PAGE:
On Halloween 1998, while staying at the Chelsea Hotel, Dee Dee and Zambini met the Hollywood band SEXYCHRIST, which featured adult film star Kurt Lockwood, who encouraged them to move to Hollywood and together the two bands shared a successful tour of the U.S. in early 1999. Afterwards, Dee Dee formed the Dee Dee Ramone band. Members included Christian Martucci (Christian Black), currently of Black President (vocals and guitar), Anthony Smedile (drums), Chase Manhattan (drums), and Stefan Adika (bass). With the exception of one show at the Spa Club in NYC and a club Makeup performance, this would be his last touring band. Martucci and Manhattan appeared in Dee Dee's last book, Legend of a Rock Star, A Memoir: The Last Testament of Dee Dee Ramone, written while on tour as a trio in Europe in 2001.[7]

Dee Dee moved to the West Coast partly to pursue an acting career. He landed a major role as The Pope in Bikini Bandits (2002) [8] and contributed the song, "In A Movie", to the soundtrack which features his wife Barbara on lead vocals.

His next album was supposed to be a live album produced by Gilby Clarke (ex-Guns N' Roses), taking place on June 12, 2002, at Hollywood's Key Club Hollywood. There are several bootlegs of this line-up (Dee Dee Ramone Band), including, Live in Milan, Italy. Dee Dee's final studio recordings were released by trend is dead! records on the album, Youth Gone Mad featuring Dee Dee Ramone (2002).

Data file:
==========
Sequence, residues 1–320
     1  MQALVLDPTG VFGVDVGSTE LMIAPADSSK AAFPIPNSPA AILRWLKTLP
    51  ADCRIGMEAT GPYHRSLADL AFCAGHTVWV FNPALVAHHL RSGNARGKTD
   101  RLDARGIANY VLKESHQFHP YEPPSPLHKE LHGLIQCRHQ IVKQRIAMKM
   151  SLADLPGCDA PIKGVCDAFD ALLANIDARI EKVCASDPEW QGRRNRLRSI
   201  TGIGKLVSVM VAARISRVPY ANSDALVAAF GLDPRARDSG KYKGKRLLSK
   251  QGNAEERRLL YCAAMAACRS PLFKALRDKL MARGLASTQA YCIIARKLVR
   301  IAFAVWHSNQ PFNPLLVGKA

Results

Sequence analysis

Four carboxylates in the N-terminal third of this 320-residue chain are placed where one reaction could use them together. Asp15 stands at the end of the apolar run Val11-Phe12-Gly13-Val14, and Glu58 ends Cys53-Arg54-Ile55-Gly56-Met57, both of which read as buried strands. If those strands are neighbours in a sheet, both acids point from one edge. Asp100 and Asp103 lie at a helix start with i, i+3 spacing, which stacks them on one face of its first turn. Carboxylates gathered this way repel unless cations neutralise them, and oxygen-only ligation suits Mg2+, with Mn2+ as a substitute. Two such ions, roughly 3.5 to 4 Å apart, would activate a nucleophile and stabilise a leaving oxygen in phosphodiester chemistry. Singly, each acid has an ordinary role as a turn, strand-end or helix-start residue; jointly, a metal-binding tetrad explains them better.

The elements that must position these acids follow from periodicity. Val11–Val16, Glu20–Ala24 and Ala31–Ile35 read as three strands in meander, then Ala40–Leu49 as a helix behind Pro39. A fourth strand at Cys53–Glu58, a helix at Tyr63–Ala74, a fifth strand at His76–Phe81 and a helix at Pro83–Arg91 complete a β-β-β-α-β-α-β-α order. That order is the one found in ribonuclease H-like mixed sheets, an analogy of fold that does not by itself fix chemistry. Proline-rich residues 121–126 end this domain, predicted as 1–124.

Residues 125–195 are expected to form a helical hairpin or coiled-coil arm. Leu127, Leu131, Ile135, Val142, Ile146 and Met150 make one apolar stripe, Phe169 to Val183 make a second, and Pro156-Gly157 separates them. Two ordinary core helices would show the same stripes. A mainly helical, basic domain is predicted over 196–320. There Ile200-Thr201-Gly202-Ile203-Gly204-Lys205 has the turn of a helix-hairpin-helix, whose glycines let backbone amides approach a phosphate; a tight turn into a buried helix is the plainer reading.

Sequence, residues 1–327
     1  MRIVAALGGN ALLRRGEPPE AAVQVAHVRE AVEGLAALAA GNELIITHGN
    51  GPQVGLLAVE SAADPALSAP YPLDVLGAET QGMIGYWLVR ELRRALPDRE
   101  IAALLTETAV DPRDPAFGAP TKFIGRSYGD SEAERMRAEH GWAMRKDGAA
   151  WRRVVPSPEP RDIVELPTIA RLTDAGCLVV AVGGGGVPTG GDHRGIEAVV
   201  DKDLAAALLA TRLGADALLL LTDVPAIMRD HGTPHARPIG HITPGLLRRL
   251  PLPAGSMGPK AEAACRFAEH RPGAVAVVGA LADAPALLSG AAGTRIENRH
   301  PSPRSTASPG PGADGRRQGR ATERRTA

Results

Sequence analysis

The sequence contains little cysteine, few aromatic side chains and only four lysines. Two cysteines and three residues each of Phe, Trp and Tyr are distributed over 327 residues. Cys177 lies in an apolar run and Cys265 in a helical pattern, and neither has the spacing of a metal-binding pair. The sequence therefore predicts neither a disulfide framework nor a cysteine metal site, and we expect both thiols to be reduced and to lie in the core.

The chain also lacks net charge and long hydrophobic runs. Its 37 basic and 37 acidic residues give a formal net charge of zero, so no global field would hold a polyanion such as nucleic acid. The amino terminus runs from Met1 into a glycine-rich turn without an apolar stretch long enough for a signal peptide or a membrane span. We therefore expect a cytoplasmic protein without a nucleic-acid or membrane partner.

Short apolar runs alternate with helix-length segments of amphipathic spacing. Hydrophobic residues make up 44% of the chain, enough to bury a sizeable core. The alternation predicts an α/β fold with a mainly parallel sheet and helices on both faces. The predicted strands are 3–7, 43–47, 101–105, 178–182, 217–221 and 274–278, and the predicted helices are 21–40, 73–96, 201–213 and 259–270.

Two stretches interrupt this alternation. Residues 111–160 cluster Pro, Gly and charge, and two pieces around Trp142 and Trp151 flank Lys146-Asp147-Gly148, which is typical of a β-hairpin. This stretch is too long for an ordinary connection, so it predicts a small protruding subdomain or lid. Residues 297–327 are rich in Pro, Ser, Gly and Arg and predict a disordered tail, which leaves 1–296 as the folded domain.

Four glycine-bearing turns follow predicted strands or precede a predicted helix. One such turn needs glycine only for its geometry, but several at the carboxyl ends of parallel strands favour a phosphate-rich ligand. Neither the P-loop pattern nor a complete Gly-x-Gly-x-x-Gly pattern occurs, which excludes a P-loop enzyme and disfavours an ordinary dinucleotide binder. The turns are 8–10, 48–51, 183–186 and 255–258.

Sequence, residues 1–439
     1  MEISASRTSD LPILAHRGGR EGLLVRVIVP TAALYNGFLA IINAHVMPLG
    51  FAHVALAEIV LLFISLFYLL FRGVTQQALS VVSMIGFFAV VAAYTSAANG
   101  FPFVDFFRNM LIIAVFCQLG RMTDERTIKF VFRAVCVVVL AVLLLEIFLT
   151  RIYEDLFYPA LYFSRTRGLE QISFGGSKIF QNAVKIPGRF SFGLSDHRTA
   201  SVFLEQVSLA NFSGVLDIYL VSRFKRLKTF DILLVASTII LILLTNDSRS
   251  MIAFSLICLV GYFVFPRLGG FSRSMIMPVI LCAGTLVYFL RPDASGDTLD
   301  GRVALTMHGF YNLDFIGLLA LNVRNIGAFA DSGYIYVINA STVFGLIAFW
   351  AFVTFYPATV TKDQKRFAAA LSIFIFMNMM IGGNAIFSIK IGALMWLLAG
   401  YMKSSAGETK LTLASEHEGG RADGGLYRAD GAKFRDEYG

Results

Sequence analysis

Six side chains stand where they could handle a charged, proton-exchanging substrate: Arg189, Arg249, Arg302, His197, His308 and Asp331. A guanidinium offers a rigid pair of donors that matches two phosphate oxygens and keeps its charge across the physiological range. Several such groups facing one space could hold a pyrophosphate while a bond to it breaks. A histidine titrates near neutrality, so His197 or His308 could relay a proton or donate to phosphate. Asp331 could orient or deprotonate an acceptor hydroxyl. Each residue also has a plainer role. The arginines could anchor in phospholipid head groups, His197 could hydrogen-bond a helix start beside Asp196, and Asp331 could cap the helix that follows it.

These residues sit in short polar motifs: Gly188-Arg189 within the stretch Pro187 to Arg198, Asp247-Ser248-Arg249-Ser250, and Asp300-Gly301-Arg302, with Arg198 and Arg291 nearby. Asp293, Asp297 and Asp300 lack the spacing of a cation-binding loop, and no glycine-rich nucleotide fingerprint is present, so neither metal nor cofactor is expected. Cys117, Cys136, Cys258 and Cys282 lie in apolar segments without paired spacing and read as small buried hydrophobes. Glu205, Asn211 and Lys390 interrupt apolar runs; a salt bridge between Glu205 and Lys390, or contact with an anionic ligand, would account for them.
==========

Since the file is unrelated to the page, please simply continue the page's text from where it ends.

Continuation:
Dee Dee Ramone was found dead on the evening of June 5, 2002, by his wife Barbara at his Hollywood, California apartment. An autopsy established heroin overdose as the official cause of death. His final show was supposed to be at the Ventura Theatre. The show ended up being a memorial show in his honor.

He was buried at the Hollywood Forever Cemetery in Hollywood, California, not far from the cenotaph of his former bandmate, Johnny Ramone. His headstone features the Ramones seal surrounded by the line "I feel so safe flying on a ray on the highest trails above" taken from his song, "Highest Trails Above", from the Ramones album, Subterranean Jungle (1983). At its base is the quote "Ok...I gotta go now".


Dee Dee Ramone used Ampeg amplification during his entire career with the Ramones.[9]

  • Danelectro Bass: Natural, White pickguard, Rosewood fretboard (1974-1975)
  • Fender musicmaster bass: red, white pickguard, rosewood fretboard ( 1974-1975 )
  • Fender '62 Precision Bass: White, Tortoise pickguard, Rosewood fretboard (1975-1977)